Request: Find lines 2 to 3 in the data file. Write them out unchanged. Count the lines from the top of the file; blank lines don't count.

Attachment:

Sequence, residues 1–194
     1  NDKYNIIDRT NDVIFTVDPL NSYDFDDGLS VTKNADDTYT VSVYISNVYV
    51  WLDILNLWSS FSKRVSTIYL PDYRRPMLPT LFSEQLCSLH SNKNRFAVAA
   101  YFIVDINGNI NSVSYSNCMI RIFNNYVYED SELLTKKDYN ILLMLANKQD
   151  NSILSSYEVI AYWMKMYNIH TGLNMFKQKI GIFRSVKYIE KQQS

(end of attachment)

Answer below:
     1  NDKYNIIDRT NDVIFTVDPL NSYDFDDGLS VTKNADDTYT VSVYISNVYV
    51  WLDILNLWSS FSKRVSTIYL PDYRRPMLPT LFSEQLCSLH SNKNRFAVAA